By the time the general election arrived, we were wielding more powerful tools with a known return on investment. We even built our own social media site (MyBO) for supporters and volunteers. All of that work during the primaries put the party in a stronger position for the general election. It also enabled Democratic firms and private-sector partners at social media sites to build more and more robust tools in the years that followed to allow candidates to engage with voters and vice versa. These advancements put Democrats at a serious advantage over the competition — and none of these advances would have been realized if not for a hotly contested primary.

So what will we be missing if the Republicans have a debated primary and the Democrats don’t? Their candidates and campaigns will get better at giving a rehearsed stump speech and answering questions at debates and fish fries. But the lost opportunities would go far beyond that.

There is no question that Republicans are catching up when it comes to putting technology to work on the campaign trail — a competitive Democratic primary would allow us to stay out in front. We can pressure-test the new advances in ad-technology and mobile marketing by experimenting in each state primary with real deadlines and real results. Can hyper-geo-fencing different messages affect turnout on an election day? Can Democratic campaigns better divide their resources between direct-mail universes, walkable precincts and geo-fenced ads in gated-communities that can’t be canvassed? Can connected TV be integrated in a campaign’s field and in fundraising efforts?

While the political results of a candidate who isn’t battle-tested are well known, the lasting effects from failing to evolve our political technology could not only put us at a disadvantage in 2016, but also put Democrats behind for years to come.


Revolution Messaging Attends RampUp 2015

By Jimmy Kaduboski

Last month, Revolution Messaging staff joined 1,500 marketing experts at RampUp, LiveRamp’s annual conference in Santa Clara, CA. LiveRamp is leading the way in connecting marketers with the tools needed for improved online targeting and engagement, and RampUp provided attendees with the chance to discuss data, digital marketing and their intersection.

Our own Eden Joyner, Vice President of Media Strategy, participated in a panel titled “What Digital Marketers Can Learn from Political Campaigns.” Eden was joined by other top political consultants to discuss best digital practices, and how campaigns will use digital strategy in future elections.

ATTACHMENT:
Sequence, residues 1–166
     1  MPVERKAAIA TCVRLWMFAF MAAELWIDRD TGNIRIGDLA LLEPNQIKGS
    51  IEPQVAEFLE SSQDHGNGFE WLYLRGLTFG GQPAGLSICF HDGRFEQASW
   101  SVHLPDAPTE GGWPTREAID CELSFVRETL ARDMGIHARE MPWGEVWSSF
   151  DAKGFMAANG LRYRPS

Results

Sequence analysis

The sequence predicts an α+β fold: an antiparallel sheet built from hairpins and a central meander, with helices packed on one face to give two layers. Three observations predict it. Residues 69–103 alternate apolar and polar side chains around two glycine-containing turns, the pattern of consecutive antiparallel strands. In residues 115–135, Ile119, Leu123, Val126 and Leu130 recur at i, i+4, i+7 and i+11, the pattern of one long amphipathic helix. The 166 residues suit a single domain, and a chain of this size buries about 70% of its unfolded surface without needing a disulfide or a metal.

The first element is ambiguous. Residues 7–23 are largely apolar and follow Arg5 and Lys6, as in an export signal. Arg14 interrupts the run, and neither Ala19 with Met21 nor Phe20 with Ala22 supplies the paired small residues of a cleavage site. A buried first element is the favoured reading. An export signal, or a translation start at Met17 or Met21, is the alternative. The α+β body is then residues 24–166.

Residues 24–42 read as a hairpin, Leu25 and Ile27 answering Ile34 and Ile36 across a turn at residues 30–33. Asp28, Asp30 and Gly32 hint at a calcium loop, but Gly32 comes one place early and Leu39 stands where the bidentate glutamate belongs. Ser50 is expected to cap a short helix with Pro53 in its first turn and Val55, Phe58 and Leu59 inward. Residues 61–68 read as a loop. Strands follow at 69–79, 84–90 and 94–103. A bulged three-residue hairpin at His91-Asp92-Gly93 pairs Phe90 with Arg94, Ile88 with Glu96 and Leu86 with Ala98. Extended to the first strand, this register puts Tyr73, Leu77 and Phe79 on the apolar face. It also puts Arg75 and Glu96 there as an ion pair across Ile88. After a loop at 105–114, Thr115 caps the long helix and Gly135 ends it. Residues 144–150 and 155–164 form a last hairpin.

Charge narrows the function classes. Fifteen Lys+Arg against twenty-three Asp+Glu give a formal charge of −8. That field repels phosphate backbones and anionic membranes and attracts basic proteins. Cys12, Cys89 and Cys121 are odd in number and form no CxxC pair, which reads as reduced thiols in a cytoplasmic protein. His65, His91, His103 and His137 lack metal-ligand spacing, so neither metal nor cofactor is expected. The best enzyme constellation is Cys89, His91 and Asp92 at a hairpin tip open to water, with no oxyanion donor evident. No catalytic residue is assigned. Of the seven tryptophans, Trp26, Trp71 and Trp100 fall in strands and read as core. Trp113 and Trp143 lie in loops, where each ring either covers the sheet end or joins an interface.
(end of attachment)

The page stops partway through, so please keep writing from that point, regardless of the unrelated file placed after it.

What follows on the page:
Eden highlighted how Revolution Messaging’s self-serve digital platform, Revere Exchange, allows even smaller campaigns to have access to modern, targeted advertising technologies. In the past, smaller campaigns would have been locked out of the newest innovations.

When asked about how to decide between advertising on mobile platforms instead of desktop interfaces, Eden emphasized that “you should use as many devices as possible, I don’t think there is a limit on one you should do or one you shouldn’t do. We believe in cross-screen advertising.”

Looking toward 2016, Eden told the audience that she expects to see a lot of investment in dynamic pre-roll advertising “that delivers very specific messaging to very small groups.” While television advertisements have a longer opportunity to deliver a message, Eden stressed that digital advertisements, like pre-roll advertisements, have only a few seconds to capture a voter’s attention, so future campaigns must make that adjustment.

Other sessions at RampUp discussed the importance of measuring and ensuring attribution; making sure that digital advertisements are leading towards action. At Revolution Messaging, this ultimately means ensuring that advertisements are getting out the vote on Election Day.


Voters Beware – This Halloween Scare is Real!

 

Right Wing Text Spammer is Back with New Super PAC

WASHINGTON,DC — A right wing telemarketer with a history of scaring voters with misleading spam text messages in the 11th hour is back. A new report from the Center for Public Integrity warns that Gabriel Joseph, the man behind the controversial ccAdvertising, has formed a new super PAC known as The Survey Group PAC. This may mean a new round of illegal and anonymous political spam text messages will be coming to a state near you.